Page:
The show was conflicting from start to end. And throughout the episodes, I found myself questioning if there was a true purpose for the continuation of another season. Different topics that teenagers today deal with were brought up in each episode, from teen pregnancy to abortion, sexual identity and homophobia, drug use and addiction, and so much more. Overall, I found the season pretty overwhelming mentally. I made myself a sponge and soaked in each episode as I progressed, but as I took it all in, I became more conflicted. With a fourth and final season coming, I can only imagine what the creators will come up with next.
Here is my take on the season, and I already know I will have people that disagree with me since my husband already opposed my opinion!
Aside from feeling mentally overwhelmed, I found the season deep and while I will say, not GREAT, I believe the actors and actresses played their parts extremely well. Specifically, Devin Druid, the actor playing Tyler Down.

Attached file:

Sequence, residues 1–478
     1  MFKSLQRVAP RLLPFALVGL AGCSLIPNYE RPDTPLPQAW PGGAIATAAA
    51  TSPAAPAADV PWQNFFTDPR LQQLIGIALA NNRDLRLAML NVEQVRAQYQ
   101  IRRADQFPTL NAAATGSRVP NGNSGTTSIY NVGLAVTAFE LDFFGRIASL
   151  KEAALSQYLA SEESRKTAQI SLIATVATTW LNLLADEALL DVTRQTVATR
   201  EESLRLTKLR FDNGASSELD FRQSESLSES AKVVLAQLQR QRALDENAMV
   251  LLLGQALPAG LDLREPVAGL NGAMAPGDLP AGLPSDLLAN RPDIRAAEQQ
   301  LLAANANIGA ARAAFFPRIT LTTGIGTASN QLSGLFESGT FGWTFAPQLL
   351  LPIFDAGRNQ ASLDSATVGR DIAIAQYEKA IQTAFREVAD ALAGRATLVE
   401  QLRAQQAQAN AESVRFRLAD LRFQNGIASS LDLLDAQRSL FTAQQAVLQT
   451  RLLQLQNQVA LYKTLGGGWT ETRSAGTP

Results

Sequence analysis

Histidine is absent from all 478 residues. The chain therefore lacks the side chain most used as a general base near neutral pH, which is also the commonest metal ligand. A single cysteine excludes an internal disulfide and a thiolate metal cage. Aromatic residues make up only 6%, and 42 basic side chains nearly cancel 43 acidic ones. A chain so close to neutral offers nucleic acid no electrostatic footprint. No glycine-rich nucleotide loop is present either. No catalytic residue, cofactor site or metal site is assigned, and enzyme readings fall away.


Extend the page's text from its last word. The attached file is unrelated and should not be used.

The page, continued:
Tyler Down's character is introduced in season 1 as the creepy, yearbook photographer who stalks Hannah Baker's window while taking photos of her without her knowledge. We are shown a sad and lonely boy, who is bullied throughout all the seasons, and is brutally sodomized by Monty in season 2, leading to his blinding rage that results in an almost school shooting at the spring fling. He narrowly avoids arrests because Clay and Tony helps him, knowing that something pushed him to that point, but that redemption for him was possible.
The first person to notice that Tyler underwent some kind of trauma was ex-counselor Kevin Porter. Porter brings Tyler's change to Clay's attention, leading Clay to ask Tyler if something happened to him.
The scene where Tyler struggles to tell Clay about the beating and rape brought instant tears to my eyes. I understood the difficulty that he must have felt in expressing what happened into words. It was the first time he had to tell his story and it was difficult. Saying the words made it true and the trauma never left him. Emotion pained Tyler's face while Clay is in disbelief.